Experts Say Sitting Is the New Smoking

Have you heard the saying that sitting is the new smoking?

That phrase was coined by Dr. James Levine, director of the Mayo Clinic at Arizona State University’s Obesity Solutions Initiative and inventor of the treadmill desk. Although Dr. Levine is the one who came up with this mantra, many other researchers and health experts share his sentiment. Studies show that sitting for hours at a time is extremely hard on your health.

“Sitting is more dangerous than smoking, kills more people than HIV, and is more treacherous than parachuting. We are sitting ourselves to death.”—Dr. James Levine

One surprising thing discovered—no matter how much you exercise, if you sit for long periods of time, your health suffers. Like smoking, the effects of long-term sitting are not reversible through exercise or other good habits.

Health Problems from Prolonged Sitting

Researchers have found that too much sitting can contribute to several health problems:

  • A study of more than 4 million people, published in the Journal of the National Cancer Institute, found that sitting for long periods of time increases your risk for colon, endometrial, and possibly, lung cancer
  • Other research shows sedentary habits increase breast and colon cancer
  • Sitting for long periods effects blood sugar levels and insulin in the body, which increases the risk of obesity and type 2 diabetes
  • Extended sitting causes muscles to get stiff. After years of this, it becomes difficult for your body to run, jump, or even stand. Researchers believe this may be part of the reason elderly people have such a hard time getting around later in life.
  • A study published in the American Journal of Preventative Medicine studied over 9000 middle-aged women. They found that the women who sat for more than seven hours a day were 47 percent more likely to suffer from depression than those who sat four hours or fewer.

Move It!

The solution is pretty simple.

Dr. Keith Diaz, an associate research scientist at Columbia University says, “For every 30 consecutive minutes of sitting, stand up and move/walk for five minutes at a brisk pace to reduce the health risks from sitting.”

This movement doesn’t have to be vigorous exercise. You just need to get off of your chair, couch, bed, wherever, and MOVE. That’s not so hard! Here are some things you can do when it’s time to move:

1. Take the stairs.
Walking just two flights of stairs daily burns enough calories to melt six pounds in a year. In fact, climbing stairs for two minutes, five days a week, provides the same calorie burn as a 36-minute walk.

2. Add 15 minutes of walking to your lunch or dinner.
We often take 30 to 60 minutes for a mealtime, but eating usually takes just 15 minutes or so. After eating, spend some of that extra time walking instead of sitting.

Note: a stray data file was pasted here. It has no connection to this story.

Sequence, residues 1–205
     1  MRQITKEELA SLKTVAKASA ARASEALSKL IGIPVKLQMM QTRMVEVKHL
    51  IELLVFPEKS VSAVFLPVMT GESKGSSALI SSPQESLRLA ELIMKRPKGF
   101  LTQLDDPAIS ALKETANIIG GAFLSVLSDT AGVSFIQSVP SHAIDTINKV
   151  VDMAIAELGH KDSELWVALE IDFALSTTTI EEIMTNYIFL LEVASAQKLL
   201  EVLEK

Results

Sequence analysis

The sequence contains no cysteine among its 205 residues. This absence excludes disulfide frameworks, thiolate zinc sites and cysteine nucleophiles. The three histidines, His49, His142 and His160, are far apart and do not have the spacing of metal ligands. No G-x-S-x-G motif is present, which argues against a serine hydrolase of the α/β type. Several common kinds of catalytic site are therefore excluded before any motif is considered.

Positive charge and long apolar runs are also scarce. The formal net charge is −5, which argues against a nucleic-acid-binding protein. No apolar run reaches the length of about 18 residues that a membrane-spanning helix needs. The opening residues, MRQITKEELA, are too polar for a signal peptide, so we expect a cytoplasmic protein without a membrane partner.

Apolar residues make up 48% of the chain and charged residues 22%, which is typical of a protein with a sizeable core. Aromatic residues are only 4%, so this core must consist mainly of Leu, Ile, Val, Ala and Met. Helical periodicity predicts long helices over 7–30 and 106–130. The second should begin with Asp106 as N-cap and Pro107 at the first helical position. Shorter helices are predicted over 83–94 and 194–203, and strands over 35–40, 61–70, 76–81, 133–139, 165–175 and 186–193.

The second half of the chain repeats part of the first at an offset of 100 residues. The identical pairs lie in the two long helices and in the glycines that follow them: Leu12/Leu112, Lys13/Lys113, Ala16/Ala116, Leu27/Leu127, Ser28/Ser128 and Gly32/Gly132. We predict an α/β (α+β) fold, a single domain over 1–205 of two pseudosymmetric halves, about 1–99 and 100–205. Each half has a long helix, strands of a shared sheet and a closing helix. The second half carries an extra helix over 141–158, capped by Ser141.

3. Turn TV time into a workout.
Instead of just sitting on the couch, why not move a little while watching tv? One thing you could do—straighten one of your lower legs so it’s parallel to the floor, then lower it, switching back and forth between legs for as long as you can do it. And use those commercial breaks to get up and stretch or move around!

4. Spend a minimum of one hour outdoors each week.
There’s a direct connection between fitness levels and the amount of time you spend outdoors vs. indoors. People who spend a lot of time outside feel more energized, upbeat, and fit. What to do outside? Walk the dog. Practice your golf or tennis swing. Look for unusual birds.

5. Talk standing.
Whenever talking on the telephone, walk or pace if possible. Try to move, or at least stand, while chatting on the phone.

Help Remembering

It’s easy to lose track of time when you’re reading, surfing the internet, or watching tv. But there are apps and computer programs that can help you remember to move. There are several to choose from—you can search and see which works best for you. We’ll recommend a free one for three different devices to help get you started.

If you have an iPhone or iPad:
App: Stand Up!
Set your reminder interval to any five-minute increment between five minutes and two hours. The header shows at a glance how you're doing, and how long until your next alarm.

If you have an Android phone or tablet:
App: Randomly RemindMe
This app will let you set any number of custom reminders throughout the day.

On the computer:
Program: Workrave.org
This program alerts you to take breaks throughout the day when you’re on your computer. You can select the time between breaks and the break time. It will even give you exercises to do during your break! 

Options to Keep Moving at Grand Tapestry

Hopefully we’ve convinced you that you need to move around every half hour or so. Grand Tapestry has several options to help you with this!

If we’re having nice weather, take a stroll around the property. If it's cold or rainy, walk the halls or use a treadmill in the fitness center. Take one of our exercise classes daily, or participate in another Grand Tapestry activity that sounds fun to you. Just getting to class will keep you moving! Plan to meet your neighbors for lunch, a glass of wine, or a chat outside on the patio.

Just Get Up!

As it turns out, just being up and about throughout the day can be healthier for you than doing a rigorous workout and sitting the rest of the time. It makes sense, when you think about how we used to live—walking and working all day. In fact, other than for athletes and soldiers, the idea of “working out” never existed until just a few decades ago!

There are several ways that we can help keep you moving at Grand Tapestry. Contact us to learn more. The important thing is that you keep moving. Pick a way to remind yourself, and then every 30 minutes or so, make sure to move!